Books on human behavior and psychology?

I love reading into human psychology and behavior, so what books would you recommend me to read?

It can be anything. Thank you! :)
Please add a brief about the book(s). Thanks!


Most Helpful Guy

  • Psych books I've read

    "Predictably Irrational" and "The Upside of Irrationality" by Dan Ariely. Basically what it sounds like; how and why and when people behave irrationally. Both very readable.

    "The Happiness Hypothesis" by Jon Haidt. Again, pretty much what it sounds like; what makes people happy, and what doesn't, along with some other miscellaneous psych goodies.

    "The Dream Drugstore" by Allan Hobson. This explains what's going on in your brain when you're sleeping, with an emphasis on dreaming. It's a bit technical, perhaps more on the neuroscience side than the psychology side, but it discusses (and largely refutes) Freudian theory.

    Any of Oliver Sachs's books are interesting, though light-weight, looks at clinical psychology.

    "The Lucifer Effect" by Philip Zimbardo discusses how ordinary people can do awful things. He's the guy who ran the infamous Stanford Prison Trial, and the first half of the book is dedicated to that.

    "Gut Feelings" by Gerd Gigerenzer describes how many unconscious processes produce "gut feelings" that actually turn out to be more successful than cold, sober reasoning. It's fascinating.

    "Calculated Risks", also by Gerd Gigerenzer discusses how the human brain is not equipped to process statistics on an intuitive level, and how people who should know better (eg doctors) routinely fub their statistics.

    "The Blank Slate" by Steven Pinker is a classic nature vs nurture discussion that critiques that argues largely in favor of the power of genetic influence on behavior, critiquing modernism, post-modernism, and feminist theories of psychology, among others.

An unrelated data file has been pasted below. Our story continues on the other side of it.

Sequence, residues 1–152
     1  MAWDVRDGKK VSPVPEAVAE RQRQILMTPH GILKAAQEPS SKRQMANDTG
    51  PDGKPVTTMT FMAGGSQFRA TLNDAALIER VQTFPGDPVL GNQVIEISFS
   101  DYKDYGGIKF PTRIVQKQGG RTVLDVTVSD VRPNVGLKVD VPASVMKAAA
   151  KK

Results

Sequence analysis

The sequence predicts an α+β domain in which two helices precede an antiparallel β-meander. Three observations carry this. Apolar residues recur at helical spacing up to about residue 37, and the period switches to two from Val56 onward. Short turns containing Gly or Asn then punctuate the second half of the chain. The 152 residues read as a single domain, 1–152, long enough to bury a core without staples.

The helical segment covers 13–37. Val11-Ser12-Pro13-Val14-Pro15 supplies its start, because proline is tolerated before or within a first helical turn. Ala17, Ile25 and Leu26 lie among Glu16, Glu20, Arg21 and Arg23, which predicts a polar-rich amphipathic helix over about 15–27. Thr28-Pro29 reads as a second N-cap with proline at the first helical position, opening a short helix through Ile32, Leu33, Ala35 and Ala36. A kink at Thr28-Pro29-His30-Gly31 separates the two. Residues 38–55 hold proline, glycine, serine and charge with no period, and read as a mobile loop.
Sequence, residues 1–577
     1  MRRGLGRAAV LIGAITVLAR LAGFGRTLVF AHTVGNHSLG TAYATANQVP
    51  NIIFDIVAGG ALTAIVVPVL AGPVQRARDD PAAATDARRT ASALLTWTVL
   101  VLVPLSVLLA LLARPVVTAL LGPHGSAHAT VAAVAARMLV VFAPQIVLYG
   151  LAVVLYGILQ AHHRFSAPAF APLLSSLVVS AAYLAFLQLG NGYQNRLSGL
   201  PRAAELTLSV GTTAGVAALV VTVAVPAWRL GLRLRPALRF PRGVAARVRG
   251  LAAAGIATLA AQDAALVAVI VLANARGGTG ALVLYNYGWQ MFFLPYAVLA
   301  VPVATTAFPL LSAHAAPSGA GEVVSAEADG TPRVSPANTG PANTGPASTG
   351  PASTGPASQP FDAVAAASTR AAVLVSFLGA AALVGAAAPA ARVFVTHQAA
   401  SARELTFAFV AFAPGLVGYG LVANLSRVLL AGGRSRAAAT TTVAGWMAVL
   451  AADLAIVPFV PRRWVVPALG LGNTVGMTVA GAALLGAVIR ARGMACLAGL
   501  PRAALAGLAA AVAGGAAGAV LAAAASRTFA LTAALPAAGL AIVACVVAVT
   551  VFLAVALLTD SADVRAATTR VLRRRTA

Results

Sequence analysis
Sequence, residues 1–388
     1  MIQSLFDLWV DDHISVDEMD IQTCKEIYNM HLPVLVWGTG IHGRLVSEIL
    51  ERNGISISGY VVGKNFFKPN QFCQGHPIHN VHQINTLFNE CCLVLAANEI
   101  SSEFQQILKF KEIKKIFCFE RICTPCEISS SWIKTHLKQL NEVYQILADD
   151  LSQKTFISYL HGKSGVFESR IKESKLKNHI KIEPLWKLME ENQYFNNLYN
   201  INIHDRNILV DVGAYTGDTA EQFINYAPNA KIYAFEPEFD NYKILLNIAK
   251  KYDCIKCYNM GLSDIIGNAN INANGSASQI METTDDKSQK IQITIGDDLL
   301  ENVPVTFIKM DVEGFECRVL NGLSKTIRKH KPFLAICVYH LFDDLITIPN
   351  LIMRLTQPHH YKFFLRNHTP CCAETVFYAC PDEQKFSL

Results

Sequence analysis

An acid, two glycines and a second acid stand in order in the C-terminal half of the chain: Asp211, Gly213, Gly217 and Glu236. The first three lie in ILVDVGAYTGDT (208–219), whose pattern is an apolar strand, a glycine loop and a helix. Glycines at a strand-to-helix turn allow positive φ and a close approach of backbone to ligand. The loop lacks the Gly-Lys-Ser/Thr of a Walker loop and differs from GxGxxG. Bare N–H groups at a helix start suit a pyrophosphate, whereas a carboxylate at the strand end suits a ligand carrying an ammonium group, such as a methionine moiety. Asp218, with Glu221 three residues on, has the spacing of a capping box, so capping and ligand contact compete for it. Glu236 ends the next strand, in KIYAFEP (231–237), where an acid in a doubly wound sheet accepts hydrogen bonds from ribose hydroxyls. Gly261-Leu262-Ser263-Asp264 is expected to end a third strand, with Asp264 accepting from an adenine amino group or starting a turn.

"The Stuff of Thought", also by Steven Pinker, is a linguistic approach to how various mental faculties do what they do. It can be dry, but it's certainly enlightening.

    I'm probably forgetting a few, but that's a start.


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What Guys Said 5

  • Here's two good documentaries.

    The infamous Stanford prison experiment in the early 70's

    a study of the psychological effects of becoming a prisoner or prison guard. The experiment was conducted from August 14–20, 1971 by a team of researchers led by psychology professor Philip Zimbardo at Stanford University. It was funded by a grant from the US Office of Naval Research and was of interest to both the US Navy and Marine Corps in order to determine the causes of conflict between military guards and prisoners.

    Twelve students were selected out of 75 to play the prisoners and live in a mock prison in the basement of the Stanford psychology building. Another twelve of the same 75 were selected to play the Guards. Roles were assigned randomly to the 24 men. The participants adapted to their roles well beyond what even Zimbardo himself expected, leading the "officers" to display authoritarian measures and ultimately to subject some of the prisoners to torture. In turn, many of the prisoners developed passive attitudes and accepted physical abuse, and, at the request of the guards, readily inflicted punishment on other prisoners who attempted to stop it. The experiment even affected Zimbardo himself, who, in his capacity as "Prison Superintendent", lost sight of his role as psychologist and permitted the abuse to continue as though it were a real prison. Five of the prisoners were upset enough by the process to quit the experiment early, and the entire experiment was abruptly stopped after only six days. The experimental process and the results remain controversial. The entire experiment was filmed, with excerpts made publicly available.